SETH Troxler’s career started in his hometown of Detroit, Michigan. A part-time job in Detroit’s famous Melodies and Memories record store run by Terrance Parker and Theo Parish was the best opportunity to become a DJ. Still working at M & M - while still only 16, he made his first club appearance in legendary Detroit techno club ‘The Works’.
What followed was a stellar rise to the top, DJing in largest venues on the international circuit - notably Fabric (London), Panorama Bar and Watergate (Berlin - where he now lives and works), Womb (Tokyo), Tenax (Florence), Robert Johnson (Frankfurt), The Rex (Paris), Fuse (Brussels), Avalon (LA) and The End Up (San Francisco), including The Detroit Electronic Music Festival and Mutek.
On the back of his incredible DJ sets, requests flooded in to record an official DJ compilation. Ellen Allien’s BPitch imprint snapped him up and Boogie bytes Volume 5 hit the shelves. It told a story - the kind of kind of house and techno which inspired his sound. On release, I remember I eyed the cover art (a picture of Seth being sucker punched by an imaginary force) and thought - that’s about right.
The thing about genius is that there is usually more than one level of thought running at one time - you can listen to his sets in the car, or lounging around your pad. However, turn off the lights and play it in a club and it comes into its own.
His DJ sets evolve, taking you on a journey until suddenly you stop, look around, and ask “What the hell has just happened?” - Cue, sucker punch from the bass control.
Like the music he creates, Troxler is unconventional - he looks more like a psychedelic rock star than a DJ. You could easily mistake him for Jimi Hendrix’s lovechild, complete with funky Fro and 70s porn star beard. He has a sense of style, that much is apparent.
He’s one of electronic music’s larger-than-life personalities, Troxler is outspoken and, at times, controversial. Why not? After all, he’s now one of the Top Ten DJs in the world and co-founder of the most influential record label in recent years, the Visionquest Collective.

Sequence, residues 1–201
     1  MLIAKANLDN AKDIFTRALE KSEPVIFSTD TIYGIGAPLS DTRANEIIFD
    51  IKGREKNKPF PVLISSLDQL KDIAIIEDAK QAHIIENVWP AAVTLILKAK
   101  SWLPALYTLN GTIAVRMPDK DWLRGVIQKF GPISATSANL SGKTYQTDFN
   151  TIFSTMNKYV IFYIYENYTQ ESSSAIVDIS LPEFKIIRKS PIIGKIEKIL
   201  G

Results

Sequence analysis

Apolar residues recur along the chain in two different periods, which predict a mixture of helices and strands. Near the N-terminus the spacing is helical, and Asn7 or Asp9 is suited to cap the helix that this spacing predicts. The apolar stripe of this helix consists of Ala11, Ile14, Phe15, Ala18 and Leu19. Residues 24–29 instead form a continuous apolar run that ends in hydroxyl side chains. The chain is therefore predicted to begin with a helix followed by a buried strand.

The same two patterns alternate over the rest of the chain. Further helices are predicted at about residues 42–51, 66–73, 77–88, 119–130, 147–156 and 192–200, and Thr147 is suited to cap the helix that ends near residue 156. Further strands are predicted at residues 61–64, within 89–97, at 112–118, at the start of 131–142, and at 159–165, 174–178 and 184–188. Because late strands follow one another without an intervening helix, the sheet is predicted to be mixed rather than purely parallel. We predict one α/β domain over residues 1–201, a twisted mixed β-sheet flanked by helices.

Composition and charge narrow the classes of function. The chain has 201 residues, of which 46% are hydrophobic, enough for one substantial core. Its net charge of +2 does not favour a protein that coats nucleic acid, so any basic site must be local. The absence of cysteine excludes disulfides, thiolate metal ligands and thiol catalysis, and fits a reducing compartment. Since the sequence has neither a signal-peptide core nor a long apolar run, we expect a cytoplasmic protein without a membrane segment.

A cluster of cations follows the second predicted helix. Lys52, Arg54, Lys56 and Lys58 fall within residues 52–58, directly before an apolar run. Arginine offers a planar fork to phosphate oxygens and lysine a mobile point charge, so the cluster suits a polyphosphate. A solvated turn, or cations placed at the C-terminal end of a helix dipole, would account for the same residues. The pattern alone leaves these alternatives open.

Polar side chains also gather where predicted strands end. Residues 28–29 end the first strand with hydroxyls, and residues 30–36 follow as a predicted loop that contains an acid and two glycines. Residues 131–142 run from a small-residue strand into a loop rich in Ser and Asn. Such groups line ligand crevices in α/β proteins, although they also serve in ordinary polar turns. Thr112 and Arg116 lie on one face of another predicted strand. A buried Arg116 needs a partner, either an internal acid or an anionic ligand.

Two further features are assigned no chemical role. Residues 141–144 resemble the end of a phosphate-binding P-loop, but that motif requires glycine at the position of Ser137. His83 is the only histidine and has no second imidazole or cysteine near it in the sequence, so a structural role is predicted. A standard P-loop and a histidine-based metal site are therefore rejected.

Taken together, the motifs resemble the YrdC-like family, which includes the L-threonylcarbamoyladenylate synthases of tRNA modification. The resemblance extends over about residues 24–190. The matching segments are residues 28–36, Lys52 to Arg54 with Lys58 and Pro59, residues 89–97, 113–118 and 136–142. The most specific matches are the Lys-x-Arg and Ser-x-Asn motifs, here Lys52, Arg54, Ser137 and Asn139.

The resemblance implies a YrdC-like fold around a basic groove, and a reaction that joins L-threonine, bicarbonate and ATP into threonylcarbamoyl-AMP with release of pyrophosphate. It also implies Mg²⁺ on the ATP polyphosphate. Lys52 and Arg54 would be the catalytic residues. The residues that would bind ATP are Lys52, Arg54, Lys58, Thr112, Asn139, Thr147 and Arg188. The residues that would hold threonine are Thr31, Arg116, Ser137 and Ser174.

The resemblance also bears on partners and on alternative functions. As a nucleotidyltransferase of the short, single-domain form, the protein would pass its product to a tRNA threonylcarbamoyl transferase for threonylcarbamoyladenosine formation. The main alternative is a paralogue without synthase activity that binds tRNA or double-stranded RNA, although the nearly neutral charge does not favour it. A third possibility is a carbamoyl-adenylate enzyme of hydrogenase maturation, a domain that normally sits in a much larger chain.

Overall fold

Controversial enough is, without shame, he states Visionquest was born out of a communal acid trip, shared by label co-founders, Troxler, Ryan Crosson, Shaun Reeves and Lee Curtis. Their sole purpose is to make music do to the listener what acid did for them - open their minds and unlock the subconscious. I’m sure Timothy Leary would have been proud.
However, rather than glamorising their actions they took a proactive approach; replicate the effect of the drug through their own productions and DJ sets. Using repetitive beats and complex rhythmic patterns, their music induces a hypnotic effect on the listener who slips into a trance-like state. Officially, a new sub-genre was born.
Some call it house, others techno... perhaps even minimal. After all, it shares the same vintage and uses similar sounds. Yet, it’s constructed and delivered in a completely different way. Troxler once called it “Underground pop” - tongue firmly in cheek, I like to believe.
But the growing success of the label, club support and the praise of music pundits made Troxler’s synopsis ring true. The Visionquest collective have topped the electronic music charts, their sound has spread through the underground and become pandemic.
This all sounds pretty deep, but not as deep as the music. The bass thumps, reverberates and echoes like a solid punch to the belly. All concept of time is lost amidst long stretches of 4/4 beat kicks. Percussive elements rattle the senses while sweet melodies unfold, melting into the mix with a visceral intensity.
Troxler will play his hypnotic blend of electronica on Saturday night with a special three-hour set. Expect a magic carpet ride from the DJ who has started a revolution in sound.
Saturday, 6th October, Musika, Liquid Rooms, Victoria St, £15
Other nights to check out kick off Friday with house legend - DJ Sneak’s with 3 hour set @ Hippy Hippy Shake in The Castle Club, Queensferry St Lane, 11pm - 3am. There’s electro house @ Cabaret Voltaire with XY club night, who have headliner ADO (Blood Music and Turbo Recordings) - Friday 5th October, 10.30pm - 3am, £5/7.
For techno heads then head to Unseen featuring DJ CASUAL VIOLENCE. Expect dark throbbing techno with Neil Templar and Patrick Walker, Studio 24, 10.30pm - 3am. If you are in the mood to party then Substance celebrate their 6th Birthday with the brilliant JACKMASTER, including DJs Blawan and Gavin Richardson @ The Bongo Club, kicking off 11pm till 3am.
Finally, fast forward for mid-week gem - BOYS NOIZE DJ set @ The Third Door, Tuesday 9th October, 10pm - 3am, £8.